House passes bill to reform Postal Service operations
The House on Tuesday passed bipartisan legislation that would make long-sought financial and operational reforms to the U.S. Postal Service, which has struggled with pandemic-induced mail delivery delays.
Lawmakers passed the bill 342-92, with 120 Republicans joining all Democrats in support.
A bipartisan agreement to overhaul the Postal Service had long eluded lawmakers, until last year when House Oversight and Reform Committee Chairwoman Carolyn Maloney (D-N.Y.) and the panel’s top Republican, Rep. James Comer (Ky.), unveiled the proposal the House passed on Tuesday.
“Today’s historic bipartisan vote brings us one step closer to finally putting the Postal Service on a sound financial footing so it can continue serving all Americans for years to come,” Maloney said.
The Postal Service has operated at a net annual loss for more than a decade and is currently projected to run out of funds for its operations by 2024. Its increasingly worsened financial viability was largely due to declining mail volume, the costs of employee compensation and unfunded liabilities and debt.
The legislation would help the Postal Service save money by eliminating the existing requirement to pre-fund retiree health benefits, which is projected to save around $27 billion over a decade, and requiring future Postal Service retirees to enroll in Medicare, which could save about $23 billion.
It would establish new service performance transparency and delivery standards for the Postal Service, which experienced significant backlogs in 2020 after Postmaster General Louis DeJoy implemented changes and the COVID-19 pandemic led to increased demand for mailed packages.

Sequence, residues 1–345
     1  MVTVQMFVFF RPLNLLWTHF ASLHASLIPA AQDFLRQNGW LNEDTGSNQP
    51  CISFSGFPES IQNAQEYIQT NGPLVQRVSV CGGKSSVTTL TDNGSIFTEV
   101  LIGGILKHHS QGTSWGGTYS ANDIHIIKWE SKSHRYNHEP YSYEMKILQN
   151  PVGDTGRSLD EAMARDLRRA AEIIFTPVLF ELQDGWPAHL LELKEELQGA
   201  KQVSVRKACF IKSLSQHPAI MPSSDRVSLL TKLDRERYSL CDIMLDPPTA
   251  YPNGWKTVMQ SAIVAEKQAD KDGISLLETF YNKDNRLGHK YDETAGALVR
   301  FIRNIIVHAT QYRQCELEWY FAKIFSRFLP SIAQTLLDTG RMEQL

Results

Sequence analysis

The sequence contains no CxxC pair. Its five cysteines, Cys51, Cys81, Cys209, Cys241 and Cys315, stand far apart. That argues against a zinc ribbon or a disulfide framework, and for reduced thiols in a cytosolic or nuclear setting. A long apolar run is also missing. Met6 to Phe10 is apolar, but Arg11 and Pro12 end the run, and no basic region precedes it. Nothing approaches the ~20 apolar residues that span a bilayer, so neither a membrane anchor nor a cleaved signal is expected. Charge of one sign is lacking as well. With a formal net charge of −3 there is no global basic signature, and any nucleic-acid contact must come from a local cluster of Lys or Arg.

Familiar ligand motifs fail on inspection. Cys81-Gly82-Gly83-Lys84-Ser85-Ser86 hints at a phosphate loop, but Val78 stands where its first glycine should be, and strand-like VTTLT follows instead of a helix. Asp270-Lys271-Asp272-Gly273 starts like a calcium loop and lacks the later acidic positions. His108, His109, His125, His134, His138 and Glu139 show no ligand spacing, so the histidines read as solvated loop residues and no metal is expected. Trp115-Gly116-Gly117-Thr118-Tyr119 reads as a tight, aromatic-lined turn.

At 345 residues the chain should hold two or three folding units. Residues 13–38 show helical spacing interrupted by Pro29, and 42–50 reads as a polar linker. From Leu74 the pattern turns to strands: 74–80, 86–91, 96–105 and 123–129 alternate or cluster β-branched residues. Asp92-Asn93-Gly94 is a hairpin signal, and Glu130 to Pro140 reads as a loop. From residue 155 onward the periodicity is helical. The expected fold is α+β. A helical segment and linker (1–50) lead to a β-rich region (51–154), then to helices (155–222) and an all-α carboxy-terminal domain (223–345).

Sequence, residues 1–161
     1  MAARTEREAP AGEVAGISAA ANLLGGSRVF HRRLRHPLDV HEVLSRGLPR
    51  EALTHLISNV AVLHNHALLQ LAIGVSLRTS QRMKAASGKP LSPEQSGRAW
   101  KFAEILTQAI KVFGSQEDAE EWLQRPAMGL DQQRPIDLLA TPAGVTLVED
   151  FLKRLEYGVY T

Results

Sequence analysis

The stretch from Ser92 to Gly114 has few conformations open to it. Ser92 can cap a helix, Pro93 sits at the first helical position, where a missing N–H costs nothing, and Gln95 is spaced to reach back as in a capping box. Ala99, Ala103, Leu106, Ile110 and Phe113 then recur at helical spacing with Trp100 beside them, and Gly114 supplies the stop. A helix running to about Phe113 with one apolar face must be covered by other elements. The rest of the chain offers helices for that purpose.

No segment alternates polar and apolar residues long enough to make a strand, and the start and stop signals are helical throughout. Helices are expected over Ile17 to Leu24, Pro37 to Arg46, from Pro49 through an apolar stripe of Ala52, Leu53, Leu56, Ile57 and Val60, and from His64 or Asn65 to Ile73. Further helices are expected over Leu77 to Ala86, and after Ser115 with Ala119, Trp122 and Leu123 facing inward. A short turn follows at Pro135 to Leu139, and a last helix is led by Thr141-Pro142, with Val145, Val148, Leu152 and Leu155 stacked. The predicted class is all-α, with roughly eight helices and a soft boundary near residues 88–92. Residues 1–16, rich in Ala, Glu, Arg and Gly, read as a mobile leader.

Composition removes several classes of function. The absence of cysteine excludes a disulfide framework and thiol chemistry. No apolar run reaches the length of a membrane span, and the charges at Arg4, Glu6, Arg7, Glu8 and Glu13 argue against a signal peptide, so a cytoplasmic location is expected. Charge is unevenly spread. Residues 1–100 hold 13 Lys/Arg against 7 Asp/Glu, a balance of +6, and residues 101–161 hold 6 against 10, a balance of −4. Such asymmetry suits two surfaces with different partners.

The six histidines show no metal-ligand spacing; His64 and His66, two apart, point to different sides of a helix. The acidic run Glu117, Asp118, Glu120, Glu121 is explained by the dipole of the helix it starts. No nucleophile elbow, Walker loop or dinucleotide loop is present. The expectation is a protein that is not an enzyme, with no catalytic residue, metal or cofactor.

Americans have come to further rely on the Postal Service during the pandemic after the Biden administration rolled out a program last month for all households to order free COVID-19 tests mailed to their homes.
The reforms in the legislation would include requiring the Postal Service to deliver both mail and packages at least six days per week. The agency would also have to develop a public online dashboard with service performance data updated on a weekly basis, as well as provide semiannual reports to Congress on the implementation of its strategic plan.
Senate Homeland Security and Governmental Affairs Committee Chairman Gary Peters (D-Mich.) has introduced a companion bill in the upper chamber that has 14 GOP sponsors, more than the minimum of 10 Republicans needed to break a filibuster.
“Given the significant, bipartisan support for the same bill in the Senate, I expect to move quickly to vote on these critical reforms that will help ensure the Postal Service’s long-term success,” Peters said in a statement following the House vote.
President Biden has signaled he will sign the bill into law. The Biden administration said in a statement it “supports efforts to strengthen the United States Postal Service, including by providing Postal employees with the dignity, fair pay, and employer-provided benefits they have earned.”
DeJoy also supports the bill. He called it “long overdue” during a Postal Service Board of Governors meeting on Tuesday.
Democrats have clashed with DeJoy, a GOP megadonor who assumed his role under former President Trump, over his cost-cutting measures in 2020 that included reducing post office hours and eliminating overtime for mail carriers. DeJoy ultimately delayed the changes until after the 2020 election in response to critics’ concerns that delivery of election ballots cast by mail — which were in increased demand due to the pandemic — could be delayed.
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